In reading some FCC news, I ran across several articles describing the commission’s continued (mis)use of the Universal Service Fund (USF). I’ve written before about this taxpayer fiasco.
I pay a total of $13.00 in taxes on a base telephone line rate of $19.00, or 68 percent! That amount includes the USF tax and a host of other “charges” the feds, the state and the city government have decided I need to pay. My fear is that Genachowski’s National Broadband Plan (NBP) will include even higher taxes to support expanded telecommunication services.
Before we look at how the new USF might be structured, let’s examine how effective the FCC has been in managing the money in the current universal service fund.
Upon a demand from Congress, the FCC released a report showing how the agency has been spending some of the USF funds. One portion of the report lists how much money telephone companies receive from the USF to provide lower-cost services to customers in rural areas.
The original idea of the USF was to help those who live in rural locales have access to higher quality phone service without making them pay the true costs of delivering those services. Clearly, if someone lives way up in the mountains, it would cost a lot of money to build and then support a single phone line to that location. To reduce the cost that resident might have to pay, every telecommunications user is forced to pay into the USF. Those funds are then divided among service providers as extra money so they’ll make affordable service available to these types of customers.
The current federal USF tax is 14 percent. That money, $7.2 billion in 2009, is then passed on to phone companies so they’ll provide lower-cost service to expensive locations; it subsidies phones for low-income users, and it also funds Al Gore’s monster plan for free computers and Internet services to schools as well as provides communication services to rural health care providers. Wow, more free money.
As with many, if not most, government programs, abuse is likely.
For instance, AT&T generated $34.4 billion in revenue in 2009 and had a net income of $12.5 billion. Being quite profitable, the company paid almost $10 billion in dividends to investors. Sounds good until you realize that a part of that profitability was enabled by the $435 million the company received in USF money. Verizon also benefited from USF money, receiving $679 million the same year.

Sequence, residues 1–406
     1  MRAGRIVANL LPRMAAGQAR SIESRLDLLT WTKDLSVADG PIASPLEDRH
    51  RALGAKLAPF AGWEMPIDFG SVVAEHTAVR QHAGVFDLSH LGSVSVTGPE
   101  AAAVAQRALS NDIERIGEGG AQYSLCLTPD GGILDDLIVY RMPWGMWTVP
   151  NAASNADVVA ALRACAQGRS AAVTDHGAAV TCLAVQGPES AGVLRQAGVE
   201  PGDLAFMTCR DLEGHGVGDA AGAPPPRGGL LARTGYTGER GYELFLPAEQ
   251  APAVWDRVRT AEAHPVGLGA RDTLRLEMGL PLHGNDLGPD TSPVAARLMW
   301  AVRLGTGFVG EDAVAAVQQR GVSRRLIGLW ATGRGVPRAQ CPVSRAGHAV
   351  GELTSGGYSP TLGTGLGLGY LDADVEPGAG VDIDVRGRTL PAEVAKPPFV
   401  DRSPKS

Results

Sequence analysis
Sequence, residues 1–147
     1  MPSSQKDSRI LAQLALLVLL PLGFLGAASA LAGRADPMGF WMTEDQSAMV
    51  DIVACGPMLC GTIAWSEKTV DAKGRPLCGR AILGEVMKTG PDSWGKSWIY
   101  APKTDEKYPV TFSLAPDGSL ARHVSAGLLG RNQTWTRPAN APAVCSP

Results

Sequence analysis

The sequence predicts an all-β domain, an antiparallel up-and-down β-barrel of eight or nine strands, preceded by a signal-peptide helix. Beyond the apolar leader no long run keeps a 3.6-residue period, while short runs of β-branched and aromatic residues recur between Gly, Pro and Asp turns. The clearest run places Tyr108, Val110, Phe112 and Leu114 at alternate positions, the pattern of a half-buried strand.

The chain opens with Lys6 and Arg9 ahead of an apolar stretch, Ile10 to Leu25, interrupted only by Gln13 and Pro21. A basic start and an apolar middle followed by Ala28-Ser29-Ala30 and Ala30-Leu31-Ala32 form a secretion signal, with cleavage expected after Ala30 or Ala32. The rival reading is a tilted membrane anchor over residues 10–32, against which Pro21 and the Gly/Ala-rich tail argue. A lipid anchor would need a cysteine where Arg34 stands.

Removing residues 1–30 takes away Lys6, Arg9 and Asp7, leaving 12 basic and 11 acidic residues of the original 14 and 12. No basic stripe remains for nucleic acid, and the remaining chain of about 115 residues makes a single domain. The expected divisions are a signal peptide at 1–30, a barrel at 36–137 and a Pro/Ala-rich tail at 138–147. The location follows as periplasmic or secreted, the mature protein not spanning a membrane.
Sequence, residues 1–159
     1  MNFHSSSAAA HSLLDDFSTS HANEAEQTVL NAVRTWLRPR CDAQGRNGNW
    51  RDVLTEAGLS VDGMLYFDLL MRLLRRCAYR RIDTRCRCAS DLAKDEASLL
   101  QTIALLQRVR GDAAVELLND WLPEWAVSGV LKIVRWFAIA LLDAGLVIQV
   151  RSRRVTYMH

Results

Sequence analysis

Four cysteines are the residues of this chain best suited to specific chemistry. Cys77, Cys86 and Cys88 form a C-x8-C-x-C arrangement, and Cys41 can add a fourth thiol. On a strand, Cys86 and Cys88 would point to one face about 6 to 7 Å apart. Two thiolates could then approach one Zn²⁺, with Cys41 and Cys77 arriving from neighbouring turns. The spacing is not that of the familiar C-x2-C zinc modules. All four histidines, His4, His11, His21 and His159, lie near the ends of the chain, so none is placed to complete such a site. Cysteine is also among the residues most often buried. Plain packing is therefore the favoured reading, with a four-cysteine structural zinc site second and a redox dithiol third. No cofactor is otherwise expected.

But, it is not just the big companies that receive USF funds. Let’s see how much money some of the smaller phone companies grabbed from the USF cookie jar. It turns out that more than a few smaller phone companies receive huge amounts of USF money compared with the number of customers they actually serve.
The data for the chart to the left was supplied by the FCC. It lists the local phone company, state, total USF funds received, the number of phone lines supported and the resulting cost per line.
The small phone company Weavetel was paid almost one-third of a million dollars just so it could serve 17 homes. If that government waste doesn’t capture your attention, consider this. The company had already built its local exchange center by 2007. It was not like it had to start from the ground up. Yet Weavetel still received almost $500,000 over the next two years. And the result of that half-million dollars? By the end of that period, it had added service to a whopping three more phones.
In an era of cellular, why am I (and you) paying anyone $300,000 per year so 17 people can have a phone! I can hear the softies saying, yeah, but maybe these people can’t get cellular service.
Then there is the story of Terral, an Oklahoma phone company that received $1.6 million in 2009. For that money, it served only 246 lines, costing $6563 per line per year. Lest someone think these Oklahoma residents don’t have options, this company’s territory is 100 percent covered by AT&T, Sprint and Verizon; and T-Mobile provides 95 percent coverage.
Chairman Genachowski claims he’s going to build a world-class national broadband service, feeding every American home with 4Mb/s Internet. To fund that, he’s promised to reorganize the USF and use that money not just for POTS, but whatever it takes to empower America into the broadband era.
I imagine the 2011 USF report will show similar statistics — that the U.S. taxpayer is being gouged perhaps $20,000 per year per Internet connection so a couple of back-road hermits can watch porn while only having to pay $10.00 per month.
Internet is not a “right.” It is a service. If you can pay for it, fine. If not, do not expect the rest of us to do it for you. People mostly choose where they live. If someone wants want modern conveniences, let them move to where they are inexpensively available. Politicians should not penalize the rest of us so someone can live in the boonies.